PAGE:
"If you look at plastic containers like orange juice containers or a water bottle, they need to be dry, but if you have a little bit of water left at the bottom, there's potential for contamination because it could get cardboard wet — and when cardboard gets wet, it's not something people want," Carr said.
Jefferson City sent out fliers telling residents to empty, clean and dry their recyclables, as well as "when in doubt, throw it out," said Sheri Johnston, Jefferson City neighborhood services specialist.
Part of that education is also reprogramming residents' outlook on single-use products and to "shift away from such a throw-away society," Johnston said.
She and Rehard said residents should look for more environmentally friendly options instead of single-use plastics like plastic straws and bags, which have garnered national attention as some communities and business have even banned them.
Companies may also look at increasing the cost of recycling for residents.
The national average gap, which is the difference between the cost of recycling and the revenue received from handling the recycling, for Republic Services curbside recycling services is about $5.50 per home per month, Carr told the Jefferson City Council in April. The pickup and processing cost has increased, while the revenue for the commodities has decreased, he added.
At that time, Republic Services representatives suggested several solutions to improve their economic position, including a residence fee increase and amendments to the city's 10-year solid waste management contract with Republic Services.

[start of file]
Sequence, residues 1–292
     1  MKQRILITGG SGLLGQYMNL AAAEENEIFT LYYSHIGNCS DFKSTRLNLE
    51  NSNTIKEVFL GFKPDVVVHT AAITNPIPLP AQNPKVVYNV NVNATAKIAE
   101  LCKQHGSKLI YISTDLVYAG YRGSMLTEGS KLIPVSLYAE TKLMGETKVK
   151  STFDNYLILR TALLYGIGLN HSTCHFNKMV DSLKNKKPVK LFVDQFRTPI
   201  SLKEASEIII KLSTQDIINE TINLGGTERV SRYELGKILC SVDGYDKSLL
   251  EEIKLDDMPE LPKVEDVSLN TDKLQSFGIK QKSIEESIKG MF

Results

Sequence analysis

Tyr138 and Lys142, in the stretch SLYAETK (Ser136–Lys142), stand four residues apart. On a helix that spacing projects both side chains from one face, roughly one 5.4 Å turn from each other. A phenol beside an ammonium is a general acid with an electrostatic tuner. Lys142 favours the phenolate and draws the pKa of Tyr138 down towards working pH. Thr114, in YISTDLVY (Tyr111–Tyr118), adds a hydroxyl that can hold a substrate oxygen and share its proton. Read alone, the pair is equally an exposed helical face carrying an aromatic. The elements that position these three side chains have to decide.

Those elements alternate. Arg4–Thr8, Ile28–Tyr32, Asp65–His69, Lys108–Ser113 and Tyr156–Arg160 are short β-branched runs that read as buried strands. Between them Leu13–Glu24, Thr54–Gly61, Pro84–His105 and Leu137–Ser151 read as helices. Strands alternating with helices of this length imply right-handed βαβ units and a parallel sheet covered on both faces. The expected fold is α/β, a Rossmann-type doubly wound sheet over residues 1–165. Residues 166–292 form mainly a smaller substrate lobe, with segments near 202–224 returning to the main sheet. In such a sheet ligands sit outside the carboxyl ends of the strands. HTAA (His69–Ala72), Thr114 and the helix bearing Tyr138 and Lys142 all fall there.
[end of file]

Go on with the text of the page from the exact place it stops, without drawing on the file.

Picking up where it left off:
"We still want to recycle, and we still invest in recycling. But we just need to be compensated as a company to make the collection piece work because right now, the collection piece is what we were subsidizing, but it doesn't work," Carr told the News Tribune last month.
Looking down the recycling line, Johnston and Rehard said they hope to see more domestic markets, as well as other innovative ways to recycle. Some state governments and local entities provide incentives for companies to create innovative manufacturing uses for recyclables, Johnston added.
The nation could also move toward more product stewardship education and laws, Rehard said. The Missouri Product Stewardship Council formed last fall, and its goal is to promote products and laws that "help create an even playing field for the industry to pay into the proper disposal of their stuff."
For example, Rehard said, some states passed legislation requiring pharmaceutical manufacturers that do business in that state to ensure there is a convenience standard for people to dispose of medicines — providing several drop-off locations or mail-back envelopes.
"Trying to build momentum for something like that is something I would love to see in the next 10-20 years," Rehard said. "It's not so much that it's pushing it off onto the private industry, but it's just the most efficient way to do it and to fund it. It also creates an incentive for the manufacturer to think about the end of life of their product.